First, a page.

LASD Admin Team Featured in New Educational Leadership Book
A newly released educational leadership book,  The Multiplier Effect: Tapping the Genius Inside our Schools shares stories of leaders who use their intelligence to amplify the smarts and capabilities of the people around them.  LASD administrators are listed among some of education's best leaders.  Under the leadership of Jeffrey Baier, LASD Superintendent, the LASD administrative team has been recognized for harnessing new ideas & energy to drive educational innovation. We have been so fortunate to work with the author Liz Wiseman and are honored to celebrate the launch of the new multiplier book with her next week.

Upgraded Units of Instruction
This school year we have worked with our entire teaching staff on upgrading units of instruction. The process has pushed our teachers outside of their comfort zone, but the results for students has been incredible.  We recently created this short video to highlight the process and encourage reflection among all teachers:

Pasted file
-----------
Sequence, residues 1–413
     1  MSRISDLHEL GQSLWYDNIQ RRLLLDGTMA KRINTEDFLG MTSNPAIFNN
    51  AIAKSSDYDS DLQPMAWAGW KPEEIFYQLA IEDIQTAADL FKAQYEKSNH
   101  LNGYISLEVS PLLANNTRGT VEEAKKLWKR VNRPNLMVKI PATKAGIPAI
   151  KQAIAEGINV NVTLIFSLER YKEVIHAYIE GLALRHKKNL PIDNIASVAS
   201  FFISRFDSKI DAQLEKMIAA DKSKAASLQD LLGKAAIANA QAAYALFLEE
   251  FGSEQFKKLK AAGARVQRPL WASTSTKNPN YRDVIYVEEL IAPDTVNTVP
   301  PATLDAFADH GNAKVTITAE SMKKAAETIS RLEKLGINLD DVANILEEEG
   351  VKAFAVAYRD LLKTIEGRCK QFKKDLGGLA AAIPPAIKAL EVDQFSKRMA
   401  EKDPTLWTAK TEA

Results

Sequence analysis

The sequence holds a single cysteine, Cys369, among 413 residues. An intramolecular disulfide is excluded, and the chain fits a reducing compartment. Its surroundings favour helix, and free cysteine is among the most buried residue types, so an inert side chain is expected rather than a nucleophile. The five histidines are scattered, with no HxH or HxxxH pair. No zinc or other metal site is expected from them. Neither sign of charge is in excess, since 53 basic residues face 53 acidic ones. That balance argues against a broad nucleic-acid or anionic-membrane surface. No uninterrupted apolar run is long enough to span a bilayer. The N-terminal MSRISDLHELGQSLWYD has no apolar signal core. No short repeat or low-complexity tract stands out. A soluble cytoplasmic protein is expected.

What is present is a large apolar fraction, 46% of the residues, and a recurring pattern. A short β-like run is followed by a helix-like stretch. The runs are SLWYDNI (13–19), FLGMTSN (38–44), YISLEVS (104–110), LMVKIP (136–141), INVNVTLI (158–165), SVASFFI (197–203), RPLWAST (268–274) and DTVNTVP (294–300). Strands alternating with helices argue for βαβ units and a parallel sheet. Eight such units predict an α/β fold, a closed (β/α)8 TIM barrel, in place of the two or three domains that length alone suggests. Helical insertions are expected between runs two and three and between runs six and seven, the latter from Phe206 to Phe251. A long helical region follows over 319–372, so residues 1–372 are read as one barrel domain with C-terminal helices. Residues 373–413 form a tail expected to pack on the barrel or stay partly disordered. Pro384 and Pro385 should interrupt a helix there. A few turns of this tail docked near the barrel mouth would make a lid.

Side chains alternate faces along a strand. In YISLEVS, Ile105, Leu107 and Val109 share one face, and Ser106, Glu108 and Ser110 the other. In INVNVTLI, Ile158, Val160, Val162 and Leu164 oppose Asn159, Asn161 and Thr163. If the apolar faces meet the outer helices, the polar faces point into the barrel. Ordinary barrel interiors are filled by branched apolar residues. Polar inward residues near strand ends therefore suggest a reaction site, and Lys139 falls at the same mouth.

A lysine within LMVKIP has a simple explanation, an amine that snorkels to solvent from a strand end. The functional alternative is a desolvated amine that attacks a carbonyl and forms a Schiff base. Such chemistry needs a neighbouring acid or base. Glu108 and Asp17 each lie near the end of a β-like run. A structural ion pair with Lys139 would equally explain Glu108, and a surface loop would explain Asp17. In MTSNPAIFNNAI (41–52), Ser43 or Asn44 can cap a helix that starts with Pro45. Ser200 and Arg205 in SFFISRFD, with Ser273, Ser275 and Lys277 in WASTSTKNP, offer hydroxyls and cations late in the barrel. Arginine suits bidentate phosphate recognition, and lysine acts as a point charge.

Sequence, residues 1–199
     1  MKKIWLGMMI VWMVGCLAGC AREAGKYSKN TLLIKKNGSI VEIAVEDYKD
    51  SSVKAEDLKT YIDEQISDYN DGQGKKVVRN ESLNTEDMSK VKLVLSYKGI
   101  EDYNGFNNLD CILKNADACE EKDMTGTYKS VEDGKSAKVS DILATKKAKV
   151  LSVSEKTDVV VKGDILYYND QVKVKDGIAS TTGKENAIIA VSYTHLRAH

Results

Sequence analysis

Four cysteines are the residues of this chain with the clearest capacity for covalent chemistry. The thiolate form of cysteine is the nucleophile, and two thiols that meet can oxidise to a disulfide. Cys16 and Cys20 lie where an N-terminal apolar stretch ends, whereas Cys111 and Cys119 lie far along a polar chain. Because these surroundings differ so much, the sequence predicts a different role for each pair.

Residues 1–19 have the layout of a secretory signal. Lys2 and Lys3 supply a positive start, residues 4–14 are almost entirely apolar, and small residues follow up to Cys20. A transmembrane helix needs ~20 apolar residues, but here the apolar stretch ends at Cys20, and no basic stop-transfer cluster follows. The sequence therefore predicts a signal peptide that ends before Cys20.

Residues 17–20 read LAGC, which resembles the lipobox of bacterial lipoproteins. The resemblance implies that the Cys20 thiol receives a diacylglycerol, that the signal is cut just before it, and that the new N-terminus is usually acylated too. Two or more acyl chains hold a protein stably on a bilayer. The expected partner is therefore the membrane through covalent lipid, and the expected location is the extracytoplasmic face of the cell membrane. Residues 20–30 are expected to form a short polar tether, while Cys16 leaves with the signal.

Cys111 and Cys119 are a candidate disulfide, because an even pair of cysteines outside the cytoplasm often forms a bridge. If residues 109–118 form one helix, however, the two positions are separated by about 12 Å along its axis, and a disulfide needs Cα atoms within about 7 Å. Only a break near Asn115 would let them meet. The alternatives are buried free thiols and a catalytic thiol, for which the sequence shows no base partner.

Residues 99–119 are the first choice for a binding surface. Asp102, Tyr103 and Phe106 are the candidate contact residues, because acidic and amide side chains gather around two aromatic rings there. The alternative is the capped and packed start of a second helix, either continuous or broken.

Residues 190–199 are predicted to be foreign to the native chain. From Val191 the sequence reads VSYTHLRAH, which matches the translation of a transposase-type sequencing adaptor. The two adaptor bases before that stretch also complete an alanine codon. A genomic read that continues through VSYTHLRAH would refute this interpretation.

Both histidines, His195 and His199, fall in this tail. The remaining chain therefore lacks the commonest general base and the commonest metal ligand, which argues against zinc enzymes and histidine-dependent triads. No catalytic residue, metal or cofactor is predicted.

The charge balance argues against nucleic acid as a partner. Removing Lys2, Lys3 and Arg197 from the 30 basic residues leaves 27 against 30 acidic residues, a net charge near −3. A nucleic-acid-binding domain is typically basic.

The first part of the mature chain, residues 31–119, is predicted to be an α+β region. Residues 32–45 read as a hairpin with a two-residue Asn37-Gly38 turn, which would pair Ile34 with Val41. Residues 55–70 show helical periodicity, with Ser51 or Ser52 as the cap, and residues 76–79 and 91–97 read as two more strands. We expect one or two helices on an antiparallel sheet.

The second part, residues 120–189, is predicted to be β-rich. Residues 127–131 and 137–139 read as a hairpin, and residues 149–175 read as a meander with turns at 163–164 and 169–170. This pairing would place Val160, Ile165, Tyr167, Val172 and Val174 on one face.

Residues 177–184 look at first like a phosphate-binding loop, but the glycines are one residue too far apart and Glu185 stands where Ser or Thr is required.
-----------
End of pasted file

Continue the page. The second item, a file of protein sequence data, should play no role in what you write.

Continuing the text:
Student EdCon 2013: Learning Rocked & Redesigned
This year we will be launching our first ever Student Ed Conference.  The goals of this conference are to: increase student voice in our vision of revolutionizing learning and empower students to become creative doers and thinkers. This event will be held in June 2013 and will be an opportunity for students to participate in a design challenge to help reimagine the school day. Seventy to one hundred jr. high students will work in small action collaboratives with facilitators on a design challenge.  The conference will culminate with a showcase of ideas that have the potential to improve learning for all students.  

iLearn Classes
We launched an after school opt-in professional development program for teachers.  Thus far we have had the following
  • 20 different classes offered
  • over 80 hours of  after school professional development
  • topics included: project based learning, digital storytelling, design thinking, eportfolios, visual thinking & infographics, Creating Innovators Book Club, Google tools, edmodo, twitter, Maker Faire, hands on science video production, podcasting